For Immediate Release
May 06, 2015
House and Senate Move Forward with a Balanced Budget
(Washington D.C.) – Yesterday the Senate passed the budget resolution for 2016, which would reduce spending by $5 trillion – growing the economy by $400 billion over 10 years and creating 1.2 million additional jobs. This non-binding plan provides for balancing the federal budget over 10 years and maintains the bipartisan-passed spending caps. The budget resolution does not require the president’s approval, but if Congress moves to formally enact the changes called for in the plan, those separate bills would be sent to the White House for approval or a veto.
Daniel Garza, Executive Director of The LIBRE Initiative, released the following statement:
«Once again, President Obama is calling for unacceptable increases in federal spending and taxes – beyond the levels previously provided for in the bipartisan agreement reached by the White House and the Congress. He and his allies in Congress are pledging to oppose any proposals that do not break that agreement, potentially leading to a government shutdown. The president has been quick to take credit for deficit reduction that has come mainly at the insistence of the more fiscally responsible leadership of the House and Senate. But, his policies ignore that even these reduced deficit levels proved temporary, as the government’s own projections show that the annual deficit is set to start climbing again, unless something is done to curtail the spending. We cannot keep spending, taxing, and growing our national debt — which is already at more than 18 trillion — and impose an unfair and immoral burden on our future generations.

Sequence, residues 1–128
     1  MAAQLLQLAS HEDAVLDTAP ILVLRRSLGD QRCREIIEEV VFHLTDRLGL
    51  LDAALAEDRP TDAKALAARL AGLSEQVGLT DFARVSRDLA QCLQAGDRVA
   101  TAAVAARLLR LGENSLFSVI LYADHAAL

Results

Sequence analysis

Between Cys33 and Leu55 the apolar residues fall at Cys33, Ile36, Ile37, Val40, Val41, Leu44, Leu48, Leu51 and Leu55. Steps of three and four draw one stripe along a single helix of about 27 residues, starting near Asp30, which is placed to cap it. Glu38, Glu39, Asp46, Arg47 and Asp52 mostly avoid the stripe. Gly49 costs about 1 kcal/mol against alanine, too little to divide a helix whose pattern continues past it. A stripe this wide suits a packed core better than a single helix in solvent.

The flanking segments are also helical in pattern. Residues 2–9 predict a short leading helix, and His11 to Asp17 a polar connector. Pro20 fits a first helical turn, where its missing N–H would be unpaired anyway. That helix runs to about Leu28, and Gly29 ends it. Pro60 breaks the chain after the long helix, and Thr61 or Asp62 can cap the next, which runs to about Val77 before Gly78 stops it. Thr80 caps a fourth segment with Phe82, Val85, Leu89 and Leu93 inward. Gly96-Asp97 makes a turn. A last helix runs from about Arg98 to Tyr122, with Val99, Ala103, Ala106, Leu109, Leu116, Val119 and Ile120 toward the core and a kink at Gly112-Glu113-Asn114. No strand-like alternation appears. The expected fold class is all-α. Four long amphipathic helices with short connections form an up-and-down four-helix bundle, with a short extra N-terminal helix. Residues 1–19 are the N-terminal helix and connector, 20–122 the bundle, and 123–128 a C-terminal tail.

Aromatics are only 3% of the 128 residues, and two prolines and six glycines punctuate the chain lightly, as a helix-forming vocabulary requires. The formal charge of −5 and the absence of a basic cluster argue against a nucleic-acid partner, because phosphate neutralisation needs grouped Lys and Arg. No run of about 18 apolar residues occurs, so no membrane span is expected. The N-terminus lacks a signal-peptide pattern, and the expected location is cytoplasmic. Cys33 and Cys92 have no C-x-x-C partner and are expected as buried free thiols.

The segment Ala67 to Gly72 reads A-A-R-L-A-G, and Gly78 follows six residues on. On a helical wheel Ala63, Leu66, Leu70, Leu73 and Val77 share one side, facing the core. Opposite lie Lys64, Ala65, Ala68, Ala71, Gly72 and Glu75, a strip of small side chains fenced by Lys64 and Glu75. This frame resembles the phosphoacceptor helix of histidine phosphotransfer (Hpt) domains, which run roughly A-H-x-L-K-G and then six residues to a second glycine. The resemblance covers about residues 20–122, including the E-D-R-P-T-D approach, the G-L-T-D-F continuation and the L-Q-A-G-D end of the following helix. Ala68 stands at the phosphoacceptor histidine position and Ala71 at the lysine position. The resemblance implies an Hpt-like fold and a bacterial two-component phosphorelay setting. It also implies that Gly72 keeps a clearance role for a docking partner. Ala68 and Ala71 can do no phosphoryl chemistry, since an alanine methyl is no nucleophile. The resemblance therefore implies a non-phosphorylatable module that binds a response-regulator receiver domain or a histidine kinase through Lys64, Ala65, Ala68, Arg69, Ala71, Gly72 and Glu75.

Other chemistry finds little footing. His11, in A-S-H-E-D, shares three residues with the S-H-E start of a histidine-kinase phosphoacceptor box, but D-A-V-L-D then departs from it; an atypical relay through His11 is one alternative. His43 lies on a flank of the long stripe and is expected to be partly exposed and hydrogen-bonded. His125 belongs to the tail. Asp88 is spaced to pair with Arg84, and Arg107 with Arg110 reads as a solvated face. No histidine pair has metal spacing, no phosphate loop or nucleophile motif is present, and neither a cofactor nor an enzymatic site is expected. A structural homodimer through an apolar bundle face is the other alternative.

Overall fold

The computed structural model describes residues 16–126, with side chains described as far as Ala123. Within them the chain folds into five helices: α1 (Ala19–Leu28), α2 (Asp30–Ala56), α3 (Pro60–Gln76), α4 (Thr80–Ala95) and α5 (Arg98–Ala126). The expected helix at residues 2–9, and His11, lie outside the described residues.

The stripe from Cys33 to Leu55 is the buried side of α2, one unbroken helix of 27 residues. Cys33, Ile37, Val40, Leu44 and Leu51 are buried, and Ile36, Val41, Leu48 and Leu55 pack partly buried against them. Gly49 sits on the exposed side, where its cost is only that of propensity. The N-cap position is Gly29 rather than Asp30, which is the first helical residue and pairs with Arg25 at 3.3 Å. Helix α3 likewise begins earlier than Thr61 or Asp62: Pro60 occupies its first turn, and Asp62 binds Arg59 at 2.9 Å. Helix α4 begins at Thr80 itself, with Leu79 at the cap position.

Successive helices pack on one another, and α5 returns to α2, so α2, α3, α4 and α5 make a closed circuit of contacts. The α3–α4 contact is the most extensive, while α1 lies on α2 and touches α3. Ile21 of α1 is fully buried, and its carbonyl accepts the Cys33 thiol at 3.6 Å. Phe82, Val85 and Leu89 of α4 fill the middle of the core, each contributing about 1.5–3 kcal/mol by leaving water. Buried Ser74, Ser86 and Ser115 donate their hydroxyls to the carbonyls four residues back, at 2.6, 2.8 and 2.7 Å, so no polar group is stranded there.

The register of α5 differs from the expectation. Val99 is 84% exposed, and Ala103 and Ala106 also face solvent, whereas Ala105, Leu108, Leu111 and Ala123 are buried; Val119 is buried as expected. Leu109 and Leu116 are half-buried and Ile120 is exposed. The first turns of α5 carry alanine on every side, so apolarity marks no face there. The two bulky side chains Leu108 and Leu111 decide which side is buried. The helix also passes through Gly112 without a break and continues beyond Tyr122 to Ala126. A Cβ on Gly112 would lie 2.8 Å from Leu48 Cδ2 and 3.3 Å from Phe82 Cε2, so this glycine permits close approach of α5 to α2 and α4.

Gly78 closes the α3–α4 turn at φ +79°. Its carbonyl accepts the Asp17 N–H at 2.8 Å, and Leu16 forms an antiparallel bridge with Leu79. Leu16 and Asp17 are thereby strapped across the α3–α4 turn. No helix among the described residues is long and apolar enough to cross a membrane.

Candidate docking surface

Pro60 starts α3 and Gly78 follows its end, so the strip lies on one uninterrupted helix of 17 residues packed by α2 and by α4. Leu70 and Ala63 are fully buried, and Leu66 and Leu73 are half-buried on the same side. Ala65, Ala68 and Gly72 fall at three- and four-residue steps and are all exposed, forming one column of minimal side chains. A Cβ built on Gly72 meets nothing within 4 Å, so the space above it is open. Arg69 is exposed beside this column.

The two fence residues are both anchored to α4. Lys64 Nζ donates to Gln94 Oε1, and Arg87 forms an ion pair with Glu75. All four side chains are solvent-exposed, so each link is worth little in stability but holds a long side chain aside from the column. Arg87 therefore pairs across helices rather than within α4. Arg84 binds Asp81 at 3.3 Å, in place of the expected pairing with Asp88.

If the president is serious about economic growth for the U.S., it’s time to work together with Congress on a balanced budget that works in the best interest of the American people. The vote this week will set the tone for America’s economic future. Rather the stubbornly pushing for a bigger government that the people do not support, the White House needs to play a constructive role.»